COT Report Data: Are Traders Ready To Mount A Rally?

The following is a recap of The COT Report (Commitment Of Traders) released by the CFTC (Commodity Futures Trading Commission) looking at futures positions of non-commercial holdings within January 12 COT report data (released on January 15). Note that the change in COT report data is week-over-week.

10-Year Treasury Note: With crude oil price tanking the way it has, it is worth taking note that oil does correlate with inflation expectations. Already, the 10-year inflation breakeven rate – the spread between 10-year yields on nominal Treasury and inflation-indexed – is 1.39 percent, matching the low of late September last year.

Similarly, the five-year, five-year forward inflation expectation rate is plumbing new lows (1.66 percent as of the 14th).

Besides, yes the collapse in oil since June 2014 has to do with oversupply, but it is also reflective of the state of global growth – or a lack thereof. This then can adversely influence corporate boards’ growth expectations, and other related decisions such as capital expenditures.

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This is coming at a time when at the end of 2015 S&P put 17 percent of debt-issuing companies globally on negative credit watch.  This is the worst since the financial crisis.

So despite the Federal Reserve’s bravado and the FOMC dot plot’s projection of four quarter-point hikes this year, markets simply do not buy it, and are right not to do so. Just look at stocks.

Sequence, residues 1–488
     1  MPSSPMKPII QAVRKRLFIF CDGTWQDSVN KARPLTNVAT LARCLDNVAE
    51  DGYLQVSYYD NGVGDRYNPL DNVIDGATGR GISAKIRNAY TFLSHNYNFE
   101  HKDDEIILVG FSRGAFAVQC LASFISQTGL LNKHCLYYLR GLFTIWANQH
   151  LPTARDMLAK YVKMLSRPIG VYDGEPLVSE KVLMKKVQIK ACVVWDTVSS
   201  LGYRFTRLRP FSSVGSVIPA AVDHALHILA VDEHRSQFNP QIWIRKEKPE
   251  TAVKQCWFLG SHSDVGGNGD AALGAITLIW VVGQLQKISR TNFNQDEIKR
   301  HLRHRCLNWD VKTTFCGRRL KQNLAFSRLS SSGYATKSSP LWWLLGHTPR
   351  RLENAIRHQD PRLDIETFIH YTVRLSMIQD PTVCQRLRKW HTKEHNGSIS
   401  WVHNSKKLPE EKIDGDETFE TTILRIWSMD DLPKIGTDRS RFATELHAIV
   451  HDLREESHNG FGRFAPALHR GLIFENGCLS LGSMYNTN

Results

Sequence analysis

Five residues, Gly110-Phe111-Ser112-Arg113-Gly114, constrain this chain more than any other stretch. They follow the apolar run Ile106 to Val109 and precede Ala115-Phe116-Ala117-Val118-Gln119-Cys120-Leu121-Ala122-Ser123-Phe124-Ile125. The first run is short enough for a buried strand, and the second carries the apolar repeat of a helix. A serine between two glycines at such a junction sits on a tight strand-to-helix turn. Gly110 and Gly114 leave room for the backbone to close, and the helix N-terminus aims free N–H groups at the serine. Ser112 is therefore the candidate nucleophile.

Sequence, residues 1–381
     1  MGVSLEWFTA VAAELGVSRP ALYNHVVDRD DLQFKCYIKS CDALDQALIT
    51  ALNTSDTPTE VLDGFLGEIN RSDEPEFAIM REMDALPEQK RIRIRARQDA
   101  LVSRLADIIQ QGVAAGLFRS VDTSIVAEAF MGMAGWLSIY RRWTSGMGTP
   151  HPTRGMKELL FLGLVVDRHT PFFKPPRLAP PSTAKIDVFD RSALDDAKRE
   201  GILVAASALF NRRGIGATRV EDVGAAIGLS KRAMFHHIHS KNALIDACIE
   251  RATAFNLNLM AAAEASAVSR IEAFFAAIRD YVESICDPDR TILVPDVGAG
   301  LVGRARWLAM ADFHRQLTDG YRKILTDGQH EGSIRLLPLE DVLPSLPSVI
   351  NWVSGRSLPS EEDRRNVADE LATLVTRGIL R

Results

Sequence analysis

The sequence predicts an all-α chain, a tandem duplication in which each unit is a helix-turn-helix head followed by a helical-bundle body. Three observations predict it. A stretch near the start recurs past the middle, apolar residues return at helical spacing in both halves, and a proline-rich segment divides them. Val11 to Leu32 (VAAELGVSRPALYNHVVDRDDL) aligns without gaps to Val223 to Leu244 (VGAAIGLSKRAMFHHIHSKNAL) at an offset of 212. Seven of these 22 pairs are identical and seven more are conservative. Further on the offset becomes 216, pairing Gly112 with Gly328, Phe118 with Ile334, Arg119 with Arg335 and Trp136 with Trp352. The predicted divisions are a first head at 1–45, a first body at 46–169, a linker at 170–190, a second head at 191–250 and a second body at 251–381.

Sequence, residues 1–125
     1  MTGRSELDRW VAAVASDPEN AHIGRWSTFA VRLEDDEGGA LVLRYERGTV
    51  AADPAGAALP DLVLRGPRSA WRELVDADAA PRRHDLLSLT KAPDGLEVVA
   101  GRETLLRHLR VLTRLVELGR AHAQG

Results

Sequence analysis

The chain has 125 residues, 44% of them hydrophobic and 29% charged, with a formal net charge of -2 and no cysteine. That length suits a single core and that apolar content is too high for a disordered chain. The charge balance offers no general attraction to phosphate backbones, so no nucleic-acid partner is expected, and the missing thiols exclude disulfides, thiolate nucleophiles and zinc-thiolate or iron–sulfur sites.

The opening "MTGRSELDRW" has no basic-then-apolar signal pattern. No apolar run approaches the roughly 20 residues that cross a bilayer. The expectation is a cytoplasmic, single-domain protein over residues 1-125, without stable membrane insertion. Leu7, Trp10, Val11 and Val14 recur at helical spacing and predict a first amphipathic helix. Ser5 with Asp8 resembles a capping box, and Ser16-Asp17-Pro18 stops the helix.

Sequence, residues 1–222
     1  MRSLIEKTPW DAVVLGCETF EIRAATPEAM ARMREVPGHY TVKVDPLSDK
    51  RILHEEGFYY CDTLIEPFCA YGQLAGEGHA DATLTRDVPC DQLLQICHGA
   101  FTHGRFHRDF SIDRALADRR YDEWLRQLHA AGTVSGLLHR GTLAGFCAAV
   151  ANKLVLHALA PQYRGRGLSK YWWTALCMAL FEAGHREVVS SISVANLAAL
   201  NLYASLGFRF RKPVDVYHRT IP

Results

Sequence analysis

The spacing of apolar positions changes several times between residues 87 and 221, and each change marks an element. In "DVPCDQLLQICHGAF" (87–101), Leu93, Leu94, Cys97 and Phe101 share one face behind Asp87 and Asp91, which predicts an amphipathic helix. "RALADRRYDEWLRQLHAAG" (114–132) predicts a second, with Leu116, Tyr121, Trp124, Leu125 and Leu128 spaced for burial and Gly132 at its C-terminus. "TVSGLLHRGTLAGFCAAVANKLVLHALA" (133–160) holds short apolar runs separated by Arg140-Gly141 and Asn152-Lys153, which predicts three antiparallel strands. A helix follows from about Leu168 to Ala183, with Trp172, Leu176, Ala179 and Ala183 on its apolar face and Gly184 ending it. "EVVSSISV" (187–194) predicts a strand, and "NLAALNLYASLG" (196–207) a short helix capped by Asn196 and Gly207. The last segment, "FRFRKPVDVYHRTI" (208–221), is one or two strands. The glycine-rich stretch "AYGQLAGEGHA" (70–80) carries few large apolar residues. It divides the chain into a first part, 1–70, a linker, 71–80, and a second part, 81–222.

The latest Beige Book particularly highlighted flat wages in the U.S.

In a speech on Wednesday, Eric Rosengren, the Boston Federal Reserve president and a voting member this year, who is otherwise one of the most dovish members of the FOMC, hinted he would not vote for another rate hike unless he sees clear improvement in the economy from here.

A day later, James Bullard, the St. Louis Federal Reserve president and a voting member, said the latest plunge in oil prices has implications for monetary policy.

Two back-to-back dovish comments!

Will the stock market listen? Or care?

The long end of the yield curve has spoken wide and clear, with the 10-year yield having dropped intra-day from 2.38 percent to 1.99 percent in the past couple of months.

January 12 COT Report Data:  Currently net short 43.2k, down 61.5k.

cot report 10 year treasury note futures position net shorts january 15

30-Year Treasury bond: Major economic releases next week are as follows.

Monday is Martin Luther King Jr. Day.